A federal court in Washington has determined that the U.S. Environmental Protection Agency (EPA) did not violate the Freedom of Information Act (FOIA) in responding to requests for information relating to its investigation of nitrate levels in groundwater and residential drinking water wells in the Lower Yakima Valley. Cmty. Ass’n for Restoration of the Env’t, Inc. v. EPA, No. 13-3067 (E.D. Wash., order entered August 6, 2014). Because the environmental organization (CARE), which is a plaintiff in Resource Conservation and Recovery Act (RCRA) citizen suits against the dairies whose documents are part of the FOIA requests, also alleged Administrative Procedure Act (APA) violations against EPA, the court granted its request to allow the parties to brief the merits of CARE’s APA claim.

Meanwhile, the dairies subject to the RCRA actions have filed a lawsuit against EPA, seeking an order prohibiting EPA from disclosing to CARE or other members of the public any of the purportedly confidential information and documents that were allegedly voluntarily produced to the agency as part of negotiations leading to a consent order related to the agency’s nitrate investigation and findings in the Lower Yakima Valley region. Cow Palace, LLC v. EPA, No. 14-3104 (E.D. Wash., filed July 31, 2014). They claim that the material is protected under Federal Rule of Evidence 408, “which prohibits use of settlement communications to establish liability.”

They also contend that in July 2014 EPA issued final determination letters as part of CARE’s FOIA requests, finding some of the dairies’ material not entitled to confidential treatment, despite a court order issued in March in the RCRA litigation denying CARE’s request to remove the “confidential” designation from business information the dairies produced under a stipulated protective order. The RCRA court found that the records constitute confidential information about the dairies’ business operations. The dairies claim that “EPA should have denied CARE’s FOIA requests for disclosure of information that had previously been determined by the Court to be confidential business information that is not subject to public disclosure.” In this regard, they claim that the agency’s action was arbitrary and capricious and an abuse of discretion.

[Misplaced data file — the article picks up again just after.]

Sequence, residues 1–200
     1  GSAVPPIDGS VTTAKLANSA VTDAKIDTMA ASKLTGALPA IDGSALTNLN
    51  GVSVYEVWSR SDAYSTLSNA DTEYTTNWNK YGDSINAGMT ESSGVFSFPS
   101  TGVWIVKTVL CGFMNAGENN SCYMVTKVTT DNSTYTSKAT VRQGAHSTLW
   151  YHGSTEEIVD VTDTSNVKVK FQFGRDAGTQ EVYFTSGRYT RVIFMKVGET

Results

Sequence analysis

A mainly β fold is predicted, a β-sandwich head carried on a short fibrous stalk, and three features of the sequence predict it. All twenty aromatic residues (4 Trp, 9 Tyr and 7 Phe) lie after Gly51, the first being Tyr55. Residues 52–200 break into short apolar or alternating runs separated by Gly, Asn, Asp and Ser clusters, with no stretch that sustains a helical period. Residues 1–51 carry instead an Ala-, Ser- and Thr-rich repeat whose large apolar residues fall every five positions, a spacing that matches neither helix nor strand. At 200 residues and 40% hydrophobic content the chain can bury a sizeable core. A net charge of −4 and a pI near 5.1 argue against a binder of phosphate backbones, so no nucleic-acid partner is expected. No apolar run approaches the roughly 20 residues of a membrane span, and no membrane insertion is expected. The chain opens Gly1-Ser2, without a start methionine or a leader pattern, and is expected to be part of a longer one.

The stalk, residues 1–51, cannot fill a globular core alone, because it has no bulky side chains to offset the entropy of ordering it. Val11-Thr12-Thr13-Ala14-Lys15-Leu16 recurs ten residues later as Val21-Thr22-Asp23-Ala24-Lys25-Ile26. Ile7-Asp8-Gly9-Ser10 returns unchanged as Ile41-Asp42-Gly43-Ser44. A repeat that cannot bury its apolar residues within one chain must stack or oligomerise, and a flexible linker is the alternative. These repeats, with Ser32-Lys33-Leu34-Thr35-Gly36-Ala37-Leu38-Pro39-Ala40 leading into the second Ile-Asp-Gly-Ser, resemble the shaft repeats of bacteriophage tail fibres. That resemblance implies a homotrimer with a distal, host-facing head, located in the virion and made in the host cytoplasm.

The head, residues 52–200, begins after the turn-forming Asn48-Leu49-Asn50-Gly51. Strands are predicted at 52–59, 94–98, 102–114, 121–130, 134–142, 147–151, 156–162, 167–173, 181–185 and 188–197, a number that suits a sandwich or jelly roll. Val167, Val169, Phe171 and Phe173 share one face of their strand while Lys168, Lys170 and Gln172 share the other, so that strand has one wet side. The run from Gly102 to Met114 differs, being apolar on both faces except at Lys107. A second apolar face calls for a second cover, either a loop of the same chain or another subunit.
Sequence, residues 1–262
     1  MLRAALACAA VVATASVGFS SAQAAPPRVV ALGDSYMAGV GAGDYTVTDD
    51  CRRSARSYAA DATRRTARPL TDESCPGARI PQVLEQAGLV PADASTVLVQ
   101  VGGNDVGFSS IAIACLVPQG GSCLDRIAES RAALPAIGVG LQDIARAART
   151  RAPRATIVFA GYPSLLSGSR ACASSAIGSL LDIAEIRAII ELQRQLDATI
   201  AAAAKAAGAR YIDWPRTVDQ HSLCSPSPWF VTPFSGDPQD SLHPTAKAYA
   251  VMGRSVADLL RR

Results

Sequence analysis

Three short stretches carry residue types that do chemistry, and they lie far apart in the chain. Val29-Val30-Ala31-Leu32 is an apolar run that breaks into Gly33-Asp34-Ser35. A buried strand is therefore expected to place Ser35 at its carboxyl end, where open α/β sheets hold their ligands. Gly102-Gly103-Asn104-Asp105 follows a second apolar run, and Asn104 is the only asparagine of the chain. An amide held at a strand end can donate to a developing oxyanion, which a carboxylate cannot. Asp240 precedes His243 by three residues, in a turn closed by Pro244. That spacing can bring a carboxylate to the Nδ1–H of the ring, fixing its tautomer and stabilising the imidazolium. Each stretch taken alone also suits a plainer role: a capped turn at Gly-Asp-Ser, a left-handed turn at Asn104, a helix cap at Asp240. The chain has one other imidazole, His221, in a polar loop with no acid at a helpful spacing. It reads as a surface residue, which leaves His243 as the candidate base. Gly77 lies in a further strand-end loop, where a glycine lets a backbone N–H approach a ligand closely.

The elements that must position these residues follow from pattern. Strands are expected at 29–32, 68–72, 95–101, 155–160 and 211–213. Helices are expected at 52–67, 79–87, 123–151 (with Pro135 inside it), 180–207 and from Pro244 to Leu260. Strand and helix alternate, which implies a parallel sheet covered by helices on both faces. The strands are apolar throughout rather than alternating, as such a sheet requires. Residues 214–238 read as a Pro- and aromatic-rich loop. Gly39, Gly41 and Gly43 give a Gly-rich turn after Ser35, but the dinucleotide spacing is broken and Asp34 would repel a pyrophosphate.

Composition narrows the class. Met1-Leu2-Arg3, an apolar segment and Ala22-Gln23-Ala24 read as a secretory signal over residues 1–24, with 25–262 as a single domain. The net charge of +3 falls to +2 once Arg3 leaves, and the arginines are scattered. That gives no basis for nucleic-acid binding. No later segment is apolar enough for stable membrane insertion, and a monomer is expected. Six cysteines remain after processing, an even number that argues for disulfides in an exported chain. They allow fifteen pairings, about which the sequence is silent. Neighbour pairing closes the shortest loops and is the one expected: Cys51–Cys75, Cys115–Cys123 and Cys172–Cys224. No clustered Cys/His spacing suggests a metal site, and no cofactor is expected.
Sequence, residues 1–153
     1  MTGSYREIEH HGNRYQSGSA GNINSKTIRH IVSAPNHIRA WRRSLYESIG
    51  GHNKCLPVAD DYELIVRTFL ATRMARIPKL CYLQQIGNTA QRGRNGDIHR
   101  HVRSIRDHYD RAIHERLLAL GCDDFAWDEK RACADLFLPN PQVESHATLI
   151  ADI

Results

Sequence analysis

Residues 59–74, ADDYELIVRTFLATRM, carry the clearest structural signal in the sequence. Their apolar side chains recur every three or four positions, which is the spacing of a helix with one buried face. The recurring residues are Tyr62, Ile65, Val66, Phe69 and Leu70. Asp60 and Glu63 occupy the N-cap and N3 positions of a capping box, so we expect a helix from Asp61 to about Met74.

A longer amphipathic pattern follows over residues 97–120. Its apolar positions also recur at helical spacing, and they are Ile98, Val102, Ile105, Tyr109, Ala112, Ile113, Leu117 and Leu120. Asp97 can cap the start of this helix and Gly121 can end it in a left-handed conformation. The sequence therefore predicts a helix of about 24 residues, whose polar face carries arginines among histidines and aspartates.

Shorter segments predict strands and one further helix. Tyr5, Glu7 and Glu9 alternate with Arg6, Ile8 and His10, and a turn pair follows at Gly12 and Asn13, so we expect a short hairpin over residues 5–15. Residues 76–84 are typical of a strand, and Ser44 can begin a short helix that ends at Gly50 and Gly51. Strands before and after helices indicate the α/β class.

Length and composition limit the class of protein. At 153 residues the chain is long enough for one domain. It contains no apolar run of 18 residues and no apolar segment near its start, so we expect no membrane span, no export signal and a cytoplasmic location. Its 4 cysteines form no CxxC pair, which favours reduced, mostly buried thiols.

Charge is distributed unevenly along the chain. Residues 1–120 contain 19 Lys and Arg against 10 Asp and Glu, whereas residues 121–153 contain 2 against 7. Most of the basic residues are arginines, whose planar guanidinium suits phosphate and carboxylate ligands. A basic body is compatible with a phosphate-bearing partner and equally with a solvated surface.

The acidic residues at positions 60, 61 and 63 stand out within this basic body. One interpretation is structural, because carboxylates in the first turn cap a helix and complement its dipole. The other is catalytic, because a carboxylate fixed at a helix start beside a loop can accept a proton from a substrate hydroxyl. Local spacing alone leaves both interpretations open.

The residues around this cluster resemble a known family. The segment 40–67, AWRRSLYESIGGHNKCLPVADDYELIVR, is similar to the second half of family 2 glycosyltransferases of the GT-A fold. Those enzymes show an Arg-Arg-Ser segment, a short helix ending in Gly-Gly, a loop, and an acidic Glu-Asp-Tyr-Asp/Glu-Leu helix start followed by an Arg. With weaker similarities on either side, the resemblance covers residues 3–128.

According to the dairies’ complaint, “CARE’s only reason for making its FOIA request to EPA is so it can use the Dairies’ internal, confidential documents as part of a public relations campaign to smear the Dairies with allegations of wrongdoing.” The dairies further note that CARE does not need duplicative records from EPA to support its RCRA lawsuit, because the organization already “possesses much of the information and documents that are the subject of the Final Determinations.”


Issue 533

About The Author

For decades, manufacturers, distributors and retailers at every link in the food chain have come to Shook, Hardy & Bacon to partner with a legal team that understands the issues they face in today's evolving food production industry. Shook attorneys work with some of the world's largest food, beverage and agribusiness companies to establish preventative measures, conduct internal audits, develop public relations strategies, and advance tort reform initiatives.

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